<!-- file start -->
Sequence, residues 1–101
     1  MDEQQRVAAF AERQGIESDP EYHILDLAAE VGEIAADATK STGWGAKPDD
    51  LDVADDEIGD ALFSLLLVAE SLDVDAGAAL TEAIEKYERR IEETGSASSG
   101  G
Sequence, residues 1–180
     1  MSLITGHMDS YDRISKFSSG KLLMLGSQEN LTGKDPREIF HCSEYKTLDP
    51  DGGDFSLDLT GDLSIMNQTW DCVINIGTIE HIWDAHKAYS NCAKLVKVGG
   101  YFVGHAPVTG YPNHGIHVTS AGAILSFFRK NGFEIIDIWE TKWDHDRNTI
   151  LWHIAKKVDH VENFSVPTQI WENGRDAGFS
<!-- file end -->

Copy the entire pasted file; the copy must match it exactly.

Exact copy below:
Sequence, residues 1–101
     1  MDEQQRVAAF AERQGIESDP EYHILDLAAE VGEIAADATK STGWGAKPDD
    51  LDVADDEIGD ALFSLLLVAE SLDVDAGAAL TEAIEKYERR IEETGSASSG
   101  G
Sequence, residues 1–180
     1  MSLITGHMDS YDRISKFSSG KLLMLGSQEN LTGKDPREIF HCSEYKTLDP
    51  DGGDFSLDLT GDLSIMNQTW DCVINIGTIE HIWDAHKAYS NCAKLVKVGG
   101  YFVGHAPVTG YPNHGIHVTS AGAILSFFRK NGFEIIDIWE TKWDHDRNTI
   151  LWHIAKKVDH VENFSVPTQI WENGRDAGFS